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How do you feel about dogs chasing laser pointers?

This is a place to gain some understanding of dog behavior and to assist people in training their dogs and dealing with common behavior problems, regardless of the method(s) used. This can cover the spectrum from non-aversive to traditional methods of dog training. There are many ways to train a dog. Please avoid aggressive responses, and counter ideas and opinions with which you don't agree with friendly and helpful advice. Please refrain from submitting posts that promote off-topic discussions. Keep in mind that you may be receiving advice from other dog owners and lovers... not professionals. If you have a major problem, always seek the advice of a trainer or behaviorist!

  
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Zack

911706
 
 
Barked: Tue Nov 11, '08 10:21am PST 
okay I'm currently in the process of loading it to Sasha's page....it should be up in a few minutes.....Seeing they love to run and jump so much when they are a little older we are going to start them in agility classes

(Which I mention while they are doing it)
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Zack

911706
 
 
Barked: Tue Nov 11, '08 10:21am PST 
I'll post as Sasha when its up
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Sasha

I'm a little- Princess
 
 
Barked: Tue Nov 11, '08 10:55am PST 
Video is up
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Mississippi

throw me a- frickin' bone- here

moderator
 
 
Barked: Sun Nov 16, '08 10:34pm PST 
I know that Miss seems to get overly obsessed by it. As it's getting dark earlier, I'm trying to get her to ignore the light from the head lamp I wear at the dog park, but it's of little help. Some people at the dog park were encouraging her to chase a flashlight because it's "funny." But when she prefers trying to find the light to paying attention to me, there's a problem. I usually try to make it light - like I MUST have my dog's attention or I can't handle it - but what if something bad were to happen and I needed her attention? I find that a good old tennis ball is probably her favorite non-food, non-human thing in the world. She can actually catch it, which makes it more satisfying for everyone.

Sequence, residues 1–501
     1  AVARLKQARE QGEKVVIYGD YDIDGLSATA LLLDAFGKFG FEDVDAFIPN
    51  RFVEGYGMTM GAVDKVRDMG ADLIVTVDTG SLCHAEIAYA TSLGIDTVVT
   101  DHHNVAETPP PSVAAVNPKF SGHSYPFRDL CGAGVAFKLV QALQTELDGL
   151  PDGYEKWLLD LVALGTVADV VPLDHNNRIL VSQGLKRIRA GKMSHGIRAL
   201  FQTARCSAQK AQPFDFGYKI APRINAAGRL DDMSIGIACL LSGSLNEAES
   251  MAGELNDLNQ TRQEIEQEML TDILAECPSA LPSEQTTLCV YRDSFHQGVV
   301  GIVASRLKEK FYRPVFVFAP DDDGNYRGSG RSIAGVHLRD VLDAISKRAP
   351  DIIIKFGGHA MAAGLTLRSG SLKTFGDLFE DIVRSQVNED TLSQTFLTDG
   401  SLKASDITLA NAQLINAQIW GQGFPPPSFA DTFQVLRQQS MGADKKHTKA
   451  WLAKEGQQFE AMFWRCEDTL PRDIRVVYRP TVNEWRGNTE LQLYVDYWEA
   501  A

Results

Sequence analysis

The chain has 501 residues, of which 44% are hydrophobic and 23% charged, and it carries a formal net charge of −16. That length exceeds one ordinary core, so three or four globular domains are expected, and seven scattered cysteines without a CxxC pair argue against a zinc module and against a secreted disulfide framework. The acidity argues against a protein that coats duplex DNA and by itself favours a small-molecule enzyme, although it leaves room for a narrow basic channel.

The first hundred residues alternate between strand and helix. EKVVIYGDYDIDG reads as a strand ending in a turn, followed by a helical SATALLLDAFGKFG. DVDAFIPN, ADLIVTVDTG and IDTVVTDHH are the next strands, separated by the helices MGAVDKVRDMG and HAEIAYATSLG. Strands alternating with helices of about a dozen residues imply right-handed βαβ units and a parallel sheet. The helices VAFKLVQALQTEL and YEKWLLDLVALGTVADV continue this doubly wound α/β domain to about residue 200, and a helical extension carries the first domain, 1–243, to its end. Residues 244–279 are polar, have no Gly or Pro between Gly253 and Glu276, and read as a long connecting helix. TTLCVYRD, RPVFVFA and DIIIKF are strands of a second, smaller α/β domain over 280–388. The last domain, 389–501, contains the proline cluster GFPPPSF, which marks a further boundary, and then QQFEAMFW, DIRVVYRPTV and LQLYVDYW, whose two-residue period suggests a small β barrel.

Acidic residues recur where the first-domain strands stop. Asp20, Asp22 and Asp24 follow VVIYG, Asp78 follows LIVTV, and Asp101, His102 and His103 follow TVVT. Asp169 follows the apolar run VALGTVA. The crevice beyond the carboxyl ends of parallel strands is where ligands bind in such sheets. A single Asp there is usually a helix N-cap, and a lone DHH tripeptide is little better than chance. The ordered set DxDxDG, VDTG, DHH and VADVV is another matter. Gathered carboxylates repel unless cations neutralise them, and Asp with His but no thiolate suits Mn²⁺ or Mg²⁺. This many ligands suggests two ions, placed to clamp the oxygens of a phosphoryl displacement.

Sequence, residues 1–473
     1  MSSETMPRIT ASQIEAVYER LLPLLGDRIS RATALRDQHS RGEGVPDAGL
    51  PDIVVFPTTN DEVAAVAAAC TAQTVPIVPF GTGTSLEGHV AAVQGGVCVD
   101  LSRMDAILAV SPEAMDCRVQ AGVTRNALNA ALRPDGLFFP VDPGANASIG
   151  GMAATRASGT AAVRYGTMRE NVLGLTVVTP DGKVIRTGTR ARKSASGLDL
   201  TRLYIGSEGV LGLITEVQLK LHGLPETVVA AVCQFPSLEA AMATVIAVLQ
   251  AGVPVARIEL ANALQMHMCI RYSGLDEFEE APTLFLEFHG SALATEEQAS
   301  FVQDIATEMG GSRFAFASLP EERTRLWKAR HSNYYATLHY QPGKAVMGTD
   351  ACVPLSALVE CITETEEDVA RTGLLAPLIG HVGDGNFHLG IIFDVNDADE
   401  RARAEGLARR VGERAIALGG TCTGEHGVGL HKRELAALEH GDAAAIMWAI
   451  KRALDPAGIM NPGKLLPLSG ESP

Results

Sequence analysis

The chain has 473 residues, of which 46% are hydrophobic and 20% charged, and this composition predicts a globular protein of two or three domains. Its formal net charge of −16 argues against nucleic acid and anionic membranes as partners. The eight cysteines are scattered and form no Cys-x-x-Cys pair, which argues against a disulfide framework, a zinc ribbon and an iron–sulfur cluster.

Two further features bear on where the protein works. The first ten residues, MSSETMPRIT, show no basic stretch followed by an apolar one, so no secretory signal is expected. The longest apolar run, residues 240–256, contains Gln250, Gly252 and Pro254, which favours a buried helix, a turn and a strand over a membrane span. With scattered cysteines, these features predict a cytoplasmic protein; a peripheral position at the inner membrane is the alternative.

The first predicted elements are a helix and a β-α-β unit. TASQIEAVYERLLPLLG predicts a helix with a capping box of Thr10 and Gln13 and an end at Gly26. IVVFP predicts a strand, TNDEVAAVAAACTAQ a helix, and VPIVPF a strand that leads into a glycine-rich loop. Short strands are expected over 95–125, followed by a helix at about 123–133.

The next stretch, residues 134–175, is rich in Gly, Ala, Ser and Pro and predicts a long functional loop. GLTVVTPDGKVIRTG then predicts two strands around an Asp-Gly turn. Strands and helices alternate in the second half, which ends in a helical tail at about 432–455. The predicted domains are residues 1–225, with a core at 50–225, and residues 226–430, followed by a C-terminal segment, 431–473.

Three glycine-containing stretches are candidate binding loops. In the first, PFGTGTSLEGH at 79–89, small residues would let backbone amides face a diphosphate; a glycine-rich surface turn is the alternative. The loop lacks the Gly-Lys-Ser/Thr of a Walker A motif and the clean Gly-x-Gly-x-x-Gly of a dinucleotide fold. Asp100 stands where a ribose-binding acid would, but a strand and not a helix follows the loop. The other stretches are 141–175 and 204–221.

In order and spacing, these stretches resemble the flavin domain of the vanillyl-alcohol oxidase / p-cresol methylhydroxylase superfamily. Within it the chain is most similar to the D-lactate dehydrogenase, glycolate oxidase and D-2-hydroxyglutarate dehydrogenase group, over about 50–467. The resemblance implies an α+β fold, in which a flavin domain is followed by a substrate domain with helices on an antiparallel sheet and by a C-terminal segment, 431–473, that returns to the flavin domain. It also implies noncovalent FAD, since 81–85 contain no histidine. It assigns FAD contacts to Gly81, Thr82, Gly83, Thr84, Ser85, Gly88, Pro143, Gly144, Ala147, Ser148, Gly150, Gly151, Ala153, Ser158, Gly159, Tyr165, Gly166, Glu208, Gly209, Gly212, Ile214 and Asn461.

Annie, CGC

Cheese!
 
 
Barked: Mon Nov 17, '08 7:02am PST 
i don't think they are a problem so long as your dogs don't over do it. Lucy (pointer/heeler) couldn't care less, but Annie (Aussie/GSD) loves it! We play with it outside when the weather is to nasty to go for a long walk, it wears her out right good. And the good thing about using it outside is that when we come in, she knows we're done and she settles down, usually for a good chew session smile But if we play with it inside, she looks for the light for like 5 minutes after we're done before she settles down again.

So, do i think they are a horrible torture device, definitly not! But i do think it depends on the dog.
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Zeppelin J.- Dogg, ESQ

My Genetic Color- Code is e/e,- b/b.
 
 
Barked: Mon Nov 17, '08 8:44am PST 
zeppelin is one of those dogs that gets completely obsessed with the laser light. he'll pounce on it, biting at the ground for it. but i swear, he knows that the light he's trying to kill is coming from the thing in my hand. it occurred to me one day that it must be terribly frustrating for him to not ever be able to capture and kill this dot of light...so i laid the pointer on the ground. he picked it up with his teeth, flipped it around in his mouth a little, put it down, stepped on it, then looked at me...as if to say "make the light come out again".

he was neurotic with it though. it was like he never forgot it. we hadn't touched it for weeks...and one day we were in the kitchen, and he looked up at where it was hanging, and sat there and looked back and forth between it and me, whining.